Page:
Today I presented at WDCNZ 2011 in Wellington. The details of my presentation are below! I had a great time and if you were there I hope you enjoyed the day.
“CSS sucks! Can we please go back to intuitive tables?” – Anonymous developer
“Why does CSS make me want to kill myself? How do I make it OBEY me?” – Anonymous aspiring dictator
“I’m having a bad day. CSS ate my brains.” – Anonymous zombie
CSS may seem unreliable, but actually it’s just a bit dumb. We’ll take a look at the dumbest bits of CSS, and we’ll check out CSS’s optional, shiny new brain, SASS and Compass.
“You call that development?”
“Well, yeah,” I say.
“I mean, it’s just a string.”
“What’s a string?”
“No, it’s a string in chaos. That’s the logic, a string of chaos.”
“We speak different languages,” I said.
Why do developers refuse to learn CSS? Do they find it boring? Does it pale in comparison to other languages?
I think of it as the icing on a cake.1
If you find CSS hard, chances are you haven’t implemented stuff to make it easy. Here are a few quick tips.
- Use a reset stylesheet. These styles lay the foundation of your website.2 Paste this CSS from Eric Meyer or this CSS from Yahoo at the top of your stylesheet
That’s all you need to make CSS easy.
1. Icing is the best part, too.
2. Some developers are against them. Ignore those guys. I think most of them play the devil’s advocate to get page hits.
3. This JS forms the foundation for Yahoo’s JS library, Ext. It’s very good, better than Prototype.
4. You do not need to use conditional stylesheets for Internet Explorer nowadays.
Unlike normal web conferences, Webstock is cool. The speakers are competent, the presentations are almost perfect and the lessons are memorable. (And thankfully Webstock is not a sausage fest1 like most web & technology conferences. Does anyone actually enjoy networking at TechEd more than networking at Webstock? But seriously, gender aside, Webstock is unique because it attracts an equal amount of designers, developers, usability gurus, etc.)
This conference is special, which is why I volunteered my time for the entire week. I’m helping the Clockwork team ensure the event runs smoothly. This is how useful I am:
“Excuse me, where’s the loo?” she asks.
The loo! Your strange word2 intrigues me, colonial! “Down the hall and to the left,” I answer.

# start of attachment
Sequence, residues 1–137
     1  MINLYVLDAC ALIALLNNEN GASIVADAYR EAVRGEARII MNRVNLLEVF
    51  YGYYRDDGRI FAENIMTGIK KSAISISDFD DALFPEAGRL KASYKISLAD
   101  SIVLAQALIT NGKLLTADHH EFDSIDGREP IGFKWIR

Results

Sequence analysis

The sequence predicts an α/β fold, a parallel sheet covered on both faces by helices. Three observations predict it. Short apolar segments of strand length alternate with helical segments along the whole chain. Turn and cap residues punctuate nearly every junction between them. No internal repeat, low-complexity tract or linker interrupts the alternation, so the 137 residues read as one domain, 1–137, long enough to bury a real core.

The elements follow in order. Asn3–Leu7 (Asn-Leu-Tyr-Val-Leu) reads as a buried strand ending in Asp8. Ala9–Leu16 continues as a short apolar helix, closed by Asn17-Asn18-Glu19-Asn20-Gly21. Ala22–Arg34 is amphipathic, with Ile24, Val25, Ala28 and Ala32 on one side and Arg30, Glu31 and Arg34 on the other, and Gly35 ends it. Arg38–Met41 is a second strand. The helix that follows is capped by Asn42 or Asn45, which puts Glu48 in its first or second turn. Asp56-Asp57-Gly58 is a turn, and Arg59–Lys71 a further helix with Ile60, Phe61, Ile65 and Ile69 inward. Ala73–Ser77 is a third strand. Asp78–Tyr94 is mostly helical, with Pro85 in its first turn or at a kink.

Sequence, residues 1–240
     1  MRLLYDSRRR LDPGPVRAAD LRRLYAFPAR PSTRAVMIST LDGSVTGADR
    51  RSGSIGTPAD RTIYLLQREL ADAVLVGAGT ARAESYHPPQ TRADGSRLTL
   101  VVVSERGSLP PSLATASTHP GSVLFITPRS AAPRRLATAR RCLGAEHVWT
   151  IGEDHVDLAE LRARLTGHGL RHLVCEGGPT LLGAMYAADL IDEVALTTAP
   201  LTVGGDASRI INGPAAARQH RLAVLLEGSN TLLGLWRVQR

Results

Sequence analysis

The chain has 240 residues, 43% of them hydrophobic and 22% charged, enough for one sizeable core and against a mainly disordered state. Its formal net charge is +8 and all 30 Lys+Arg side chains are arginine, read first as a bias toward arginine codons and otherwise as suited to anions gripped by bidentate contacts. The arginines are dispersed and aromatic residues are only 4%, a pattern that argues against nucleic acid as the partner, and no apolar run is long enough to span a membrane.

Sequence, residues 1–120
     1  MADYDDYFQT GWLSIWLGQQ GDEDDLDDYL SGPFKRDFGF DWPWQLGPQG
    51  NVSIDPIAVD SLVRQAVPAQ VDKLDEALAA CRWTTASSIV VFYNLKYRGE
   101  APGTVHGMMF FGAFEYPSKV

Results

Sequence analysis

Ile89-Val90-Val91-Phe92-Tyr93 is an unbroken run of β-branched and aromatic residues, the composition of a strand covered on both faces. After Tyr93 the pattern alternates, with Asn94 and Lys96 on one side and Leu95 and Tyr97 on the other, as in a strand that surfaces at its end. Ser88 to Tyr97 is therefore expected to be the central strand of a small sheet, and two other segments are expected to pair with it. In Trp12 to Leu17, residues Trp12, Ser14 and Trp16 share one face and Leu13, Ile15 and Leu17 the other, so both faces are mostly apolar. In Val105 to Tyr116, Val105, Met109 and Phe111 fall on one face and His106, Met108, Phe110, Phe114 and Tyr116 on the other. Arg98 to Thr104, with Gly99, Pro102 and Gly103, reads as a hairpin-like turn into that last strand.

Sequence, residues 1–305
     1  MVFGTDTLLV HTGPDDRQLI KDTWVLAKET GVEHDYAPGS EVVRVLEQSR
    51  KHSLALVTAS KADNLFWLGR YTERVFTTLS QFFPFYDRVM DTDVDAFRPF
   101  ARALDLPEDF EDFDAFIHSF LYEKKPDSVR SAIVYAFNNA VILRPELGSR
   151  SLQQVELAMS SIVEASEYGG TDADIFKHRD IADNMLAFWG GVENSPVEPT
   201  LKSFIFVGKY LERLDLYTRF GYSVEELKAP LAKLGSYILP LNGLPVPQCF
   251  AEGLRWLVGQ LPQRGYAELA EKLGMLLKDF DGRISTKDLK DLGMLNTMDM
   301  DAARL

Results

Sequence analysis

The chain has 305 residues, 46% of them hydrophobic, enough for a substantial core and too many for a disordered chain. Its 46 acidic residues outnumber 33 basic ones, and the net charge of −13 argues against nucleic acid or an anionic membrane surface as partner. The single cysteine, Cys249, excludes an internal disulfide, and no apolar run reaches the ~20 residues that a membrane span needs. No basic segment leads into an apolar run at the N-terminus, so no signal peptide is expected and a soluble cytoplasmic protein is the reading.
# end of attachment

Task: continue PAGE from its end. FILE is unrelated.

“Is the wireless network down?” they wonder.
“Well it certainly isn’t up! I’ll find out 3 when they expect to fix it, no worries.”
So on and so forth. I do feel helpful, usually. But down to the nitty-gritty, for the first three days I attended workshops by:
- Amy Hoy, who showed me that people are oblivious. She was lovely, but her personality was more powerful than her presentation (I remember her more than the content of the workshop). She’s a fan of exposing information (e.g. display a list of links instead of using a select menu) and her vocabulary was refreshing, too. I can’t remember the last time I heard someone say egregious.
- Kelly Goto, who gets shit done! (e.g. she stood on an American highway stopping truck drivers because she needed them for a usability test). She focused on iterative application development (agile development) and the importance of usability testing (painfully obvious to knowledgeable designers). Her presentation was too high-level for me, but it was appropriate for the workshop audience. I would like to see her speak about product management methodologies.
- Luke Wroblewski, who knows how to make the most of a bad conversation between a user and a form. I met Luke in 2002 because I helped produce his first book, Site Seeing: A Visual Approach to Web Usability. Yea, he didn’t remember me (after all, it was six years ago). His workshop on form design was excellent because it’s based on research,4 instead of opinion (research always makes a presentation interesting for me, because design and development practices are often expressed as opinions).
- Jill Whalen, who showed me my website through the cold, heartless eyes of the Google. Did you know that search engine bots ignore the title attribute in images or links? I didn’t. After the workshop I felt that search engine optimization is vague, and possibly fruitless.
My coworkers can expect a presentation about this juicy information next week. The workshops learned me well, they did!
A note to my readers: Hi! If you read this thinking “what the hell,” I’m sorry… (hello, family!). At least now you see the geek in me.
1. Sausage fest: when the number of males in an environment overwhelmingly exceeds the amount of females present. For example from the urban dictionary, He told everyone he was bringing 50 hot bitches from Arizona State to his house Saturday night. But it was just a bunch of dudes watching “The Matrix.” We blew that sausage fest right away and never went back.